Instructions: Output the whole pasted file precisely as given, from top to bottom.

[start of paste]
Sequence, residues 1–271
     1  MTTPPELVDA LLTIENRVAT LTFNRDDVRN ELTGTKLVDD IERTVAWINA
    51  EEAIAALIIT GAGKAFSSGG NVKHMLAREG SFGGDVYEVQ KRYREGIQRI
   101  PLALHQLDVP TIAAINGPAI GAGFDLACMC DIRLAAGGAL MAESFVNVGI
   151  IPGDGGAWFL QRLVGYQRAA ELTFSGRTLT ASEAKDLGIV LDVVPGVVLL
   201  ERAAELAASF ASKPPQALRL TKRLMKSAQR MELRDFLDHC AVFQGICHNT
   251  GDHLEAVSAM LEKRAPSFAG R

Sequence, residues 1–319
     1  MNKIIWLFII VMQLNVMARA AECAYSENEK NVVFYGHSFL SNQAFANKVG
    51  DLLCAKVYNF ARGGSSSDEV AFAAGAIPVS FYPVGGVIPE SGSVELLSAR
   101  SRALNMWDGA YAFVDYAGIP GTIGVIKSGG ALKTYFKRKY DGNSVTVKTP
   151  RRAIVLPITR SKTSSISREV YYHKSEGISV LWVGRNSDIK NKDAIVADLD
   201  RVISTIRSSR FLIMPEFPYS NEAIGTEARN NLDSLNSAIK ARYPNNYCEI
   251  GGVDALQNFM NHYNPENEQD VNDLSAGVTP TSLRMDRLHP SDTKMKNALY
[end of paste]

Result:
Sequence, residues 1–271
     1  MTTPPELVDA LLTIENRVAT LTFNRDDVRN ELTGTKLVDD IERTVAWINA
    51  EEAIAALIIT GAGKAFSSGG NVKHMLAREG SFGGDVYEVQ KRYREGIQRI
   101  PLALHQLDVP TIAAINGPAI GAGFDLACMC DIRLAAGGAL MAESFVNVGI
   151  IPGDGGAWFL QRLVGYQRAA ELTFSGRTLT ASEAKDLGIV LDVVPGVVLL
   201  ERAAELAASF ASKPPQALRL TKRLMKSAQR MELRDFLDHC AVFQGICHNT
   251  GDHLEAVSAM LEKRAPSFAG R

Sequence, residues 1–319
     1  MNKIIWLFII VMQLNVMARA AECAYSENEK NVVFYGHSFL SNQAFANKVG
    51  DLLCAKVYNF ARGGSSSDEV AFAAGAIPVS FYPVGGVIPE SGSVELLSAR
   101  SRALNMWDGA YAFVDYAGIP GTIGVIKSGG ALKTYFKRKY DGNSVTVKTP
   151  RRAIVLPITR SKTSSISREV YYHKSEGISV LWVGRNSDIK NKDAIVADLD
   201  RVISTIRSSR FLIMPEFPYS NEAIGTEARN NLDSLNSAIK ARYPNNYCEI
   251  GGVDALQNFM NHYNPENEQD VNDLSAGVTP TSLRMDRLHP SDTKMKNALY